Posted by Crystal DeAngelo on June 27, 2014

Whoever coined the saying, 'if it sounds too good to be true, it probably is' was no fool. How many times have you rushed to the [door, webpage, phone] to snag that deal-and-a-half you just had-ta-have, only to later regret what now retrospectively seems like a perfectly preventable, awful purchase? Well, from a business perspective, it's not all that uncommon either.

I have been handling storage and networking equipment for around 13 years now. In this niche world of buying and selling, the thrill of the catch is what motivates a majority of us on a daily basis. It's not surprising then that so many get caught up in the whirlwind of a deal and overlook what should be the most obvious and significant steps. As some of you may know, I have been part of an ethics committee for almost two years which oversees complaints within the secondary IT industry. We see everything from the 'They Won't Pay' to the 'They Won't Refund' and the 'They Never Even Shipped What We Paid For' cases on a monthly and sometimes weekly basis. Having watched company after company fall victim to the persistent trappings of unethical businesses and individuals of the world, I have concluded that one thing is resoundingly imperative: You need to protect yourself, and your company, in every transaction you enter. Based on my experience, I believe the following 5 points can significantly help to safeguard your deals:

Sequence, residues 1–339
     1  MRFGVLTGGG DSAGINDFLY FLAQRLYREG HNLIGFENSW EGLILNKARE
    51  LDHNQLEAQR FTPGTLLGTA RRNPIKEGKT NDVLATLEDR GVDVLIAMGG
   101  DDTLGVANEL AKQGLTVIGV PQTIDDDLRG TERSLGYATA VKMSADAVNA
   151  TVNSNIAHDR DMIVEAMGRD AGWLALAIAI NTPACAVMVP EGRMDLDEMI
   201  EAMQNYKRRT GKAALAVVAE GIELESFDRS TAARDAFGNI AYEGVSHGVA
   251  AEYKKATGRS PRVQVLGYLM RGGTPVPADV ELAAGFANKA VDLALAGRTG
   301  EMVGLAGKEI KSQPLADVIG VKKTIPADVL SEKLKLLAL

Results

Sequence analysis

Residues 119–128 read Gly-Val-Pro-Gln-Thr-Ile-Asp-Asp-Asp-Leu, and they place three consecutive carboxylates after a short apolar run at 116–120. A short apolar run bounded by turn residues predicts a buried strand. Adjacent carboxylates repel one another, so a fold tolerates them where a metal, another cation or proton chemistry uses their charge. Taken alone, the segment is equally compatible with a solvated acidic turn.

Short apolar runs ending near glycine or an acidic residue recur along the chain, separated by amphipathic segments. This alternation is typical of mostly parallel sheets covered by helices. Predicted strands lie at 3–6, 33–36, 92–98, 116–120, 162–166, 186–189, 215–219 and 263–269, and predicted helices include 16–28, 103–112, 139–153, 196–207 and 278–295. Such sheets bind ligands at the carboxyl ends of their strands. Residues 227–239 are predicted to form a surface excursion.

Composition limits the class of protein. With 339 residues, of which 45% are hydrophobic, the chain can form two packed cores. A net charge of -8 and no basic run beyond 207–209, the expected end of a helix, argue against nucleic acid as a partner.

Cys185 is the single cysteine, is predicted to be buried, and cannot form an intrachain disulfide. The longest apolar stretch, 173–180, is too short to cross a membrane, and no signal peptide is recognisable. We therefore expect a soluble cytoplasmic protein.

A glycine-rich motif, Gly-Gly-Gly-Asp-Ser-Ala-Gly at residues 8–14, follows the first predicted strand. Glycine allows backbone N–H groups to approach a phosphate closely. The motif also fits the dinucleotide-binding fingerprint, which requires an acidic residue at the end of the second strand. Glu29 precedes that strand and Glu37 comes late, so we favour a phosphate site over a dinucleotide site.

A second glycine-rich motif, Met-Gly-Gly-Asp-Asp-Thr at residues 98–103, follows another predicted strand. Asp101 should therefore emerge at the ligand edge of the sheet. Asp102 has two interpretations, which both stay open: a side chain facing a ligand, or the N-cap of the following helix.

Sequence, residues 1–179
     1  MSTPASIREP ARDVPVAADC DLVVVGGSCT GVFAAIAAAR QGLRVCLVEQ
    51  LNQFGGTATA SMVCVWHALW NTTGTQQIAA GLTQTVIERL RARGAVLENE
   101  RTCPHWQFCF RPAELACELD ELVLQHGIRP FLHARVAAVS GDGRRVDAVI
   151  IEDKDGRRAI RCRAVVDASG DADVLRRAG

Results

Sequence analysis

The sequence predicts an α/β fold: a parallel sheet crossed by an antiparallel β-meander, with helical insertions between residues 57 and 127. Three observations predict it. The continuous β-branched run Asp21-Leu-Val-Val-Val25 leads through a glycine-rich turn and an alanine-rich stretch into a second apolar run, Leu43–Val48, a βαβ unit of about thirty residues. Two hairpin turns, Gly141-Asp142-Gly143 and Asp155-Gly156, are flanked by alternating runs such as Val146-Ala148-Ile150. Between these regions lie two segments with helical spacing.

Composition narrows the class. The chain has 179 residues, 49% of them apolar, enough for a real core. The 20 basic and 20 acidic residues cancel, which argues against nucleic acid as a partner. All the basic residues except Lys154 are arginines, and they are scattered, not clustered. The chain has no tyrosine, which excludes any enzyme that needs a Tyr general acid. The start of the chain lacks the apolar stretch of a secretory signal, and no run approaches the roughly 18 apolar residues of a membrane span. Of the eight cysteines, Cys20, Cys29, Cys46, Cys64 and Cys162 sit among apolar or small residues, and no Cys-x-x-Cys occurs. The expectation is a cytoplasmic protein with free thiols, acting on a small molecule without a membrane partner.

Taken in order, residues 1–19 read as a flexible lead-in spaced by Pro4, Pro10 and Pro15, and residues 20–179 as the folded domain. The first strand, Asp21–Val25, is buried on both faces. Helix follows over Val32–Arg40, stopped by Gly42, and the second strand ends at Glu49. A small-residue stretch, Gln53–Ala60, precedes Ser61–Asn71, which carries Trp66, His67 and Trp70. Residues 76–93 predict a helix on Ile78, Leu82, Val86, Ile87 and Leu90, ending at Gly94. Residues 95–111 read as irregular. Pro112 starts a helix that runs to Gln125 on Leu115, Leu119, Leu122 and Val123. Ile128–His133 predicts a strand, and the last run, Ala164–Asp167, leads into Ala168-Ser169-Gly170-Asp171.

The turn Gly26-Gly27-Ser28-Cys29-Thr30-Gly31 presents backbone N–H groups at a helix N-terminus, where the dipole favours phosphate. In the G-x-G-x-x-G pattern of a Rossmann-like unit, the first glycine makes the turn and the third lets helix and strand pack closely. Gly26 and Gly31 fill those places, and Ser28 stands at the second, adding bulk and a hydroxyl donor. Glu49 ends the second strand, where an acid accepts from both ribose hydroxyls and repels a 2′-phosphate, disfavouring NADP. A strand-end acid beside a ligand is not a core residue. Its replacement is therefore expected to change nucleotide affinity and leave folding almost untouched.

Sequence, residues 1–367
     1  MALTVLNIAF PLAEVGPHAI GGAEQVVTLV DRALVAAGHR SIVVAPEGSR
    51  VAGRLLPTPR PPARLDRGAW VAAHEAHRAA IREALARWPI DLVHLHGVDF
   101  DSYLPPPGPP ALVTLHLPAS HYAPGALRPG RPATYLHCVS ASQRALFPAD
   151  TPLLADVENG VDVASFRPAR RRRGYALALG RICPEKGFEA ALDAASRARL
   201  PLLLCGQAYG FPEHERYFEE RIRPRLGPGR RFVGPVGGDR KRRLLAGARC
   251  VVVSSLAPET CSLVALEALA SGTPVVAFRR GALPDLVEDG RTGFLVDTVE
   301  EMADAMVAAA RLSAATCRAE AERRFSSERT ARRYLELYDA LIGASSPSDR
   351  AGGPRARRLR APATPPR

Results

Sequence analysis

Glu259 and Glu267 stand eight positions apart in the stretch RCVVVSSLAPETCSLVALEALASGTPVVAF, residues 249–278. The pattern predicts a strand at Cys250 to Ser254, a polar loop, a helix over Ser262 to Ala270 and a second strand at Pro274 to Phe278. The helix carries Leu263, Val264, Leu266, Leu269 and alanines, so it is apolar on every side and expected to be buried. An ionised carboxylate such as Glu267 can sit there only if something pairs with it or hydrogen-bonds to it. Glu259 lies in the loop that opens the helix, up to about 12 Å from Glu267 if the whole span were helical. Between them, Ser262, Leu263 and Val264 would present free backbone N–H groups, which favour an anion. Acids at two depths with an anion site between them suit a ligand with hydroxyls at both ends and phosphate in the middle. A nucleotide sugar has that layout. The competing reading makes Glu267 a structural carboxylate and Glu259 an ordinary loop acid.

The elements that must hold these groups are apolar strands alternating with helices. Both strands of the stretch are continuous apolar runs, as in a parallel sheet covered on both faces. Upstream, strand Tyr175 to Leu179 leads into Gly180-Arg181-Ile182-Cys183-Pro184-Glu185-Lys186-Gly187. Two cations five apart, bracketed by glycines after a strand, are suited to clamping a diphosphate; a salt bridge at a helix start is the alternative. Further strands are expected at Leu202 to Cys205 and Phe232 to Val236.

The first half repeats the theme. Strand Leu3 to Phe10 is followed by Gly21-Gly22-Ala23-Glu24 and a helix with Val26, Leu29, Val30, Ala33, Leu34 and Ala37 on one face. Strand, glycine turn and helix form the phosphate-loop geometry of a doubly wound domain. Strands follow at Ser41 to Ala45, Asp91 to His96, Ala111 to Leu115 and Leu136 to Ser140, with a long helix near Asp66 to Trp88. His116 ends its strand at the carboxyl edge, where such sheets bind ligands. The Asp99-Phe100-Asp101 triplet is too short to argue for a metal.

1. Get it in Writing.

Who loves to chit-chat on the phone about the weather, the Red Sox, Tom Brady, the vacation I need to take...? Me. Silly question. Yes, I do enjoy having a personal relationship with clients, but my #1 rule still when formulating a 'deal' is to get it in writing. That doesn't mean you have to hang up on your client mid sentence, but you should insist on a follow up confirmation on the record. Get every possible detail of that deal in writing. Even the conversation leading up to the deal. If some of the agreement unavoidably happens over the phone, confirm it with a follow up email, or an IM that gets logged on your computer. If that person is unavailable by email or IM, type out a synopsis of the telephone conversation with prices, dates, etc. Date it, and email it to yourself - a co-worker - your boss, whatever. When it comes to protecting yourself later, the details are important. Being able to substantiate your claims with written evidence is crucial. There should be no feelings hurt over a simple request that helps protect both parties in the long run.

2. Do your Due Diligence.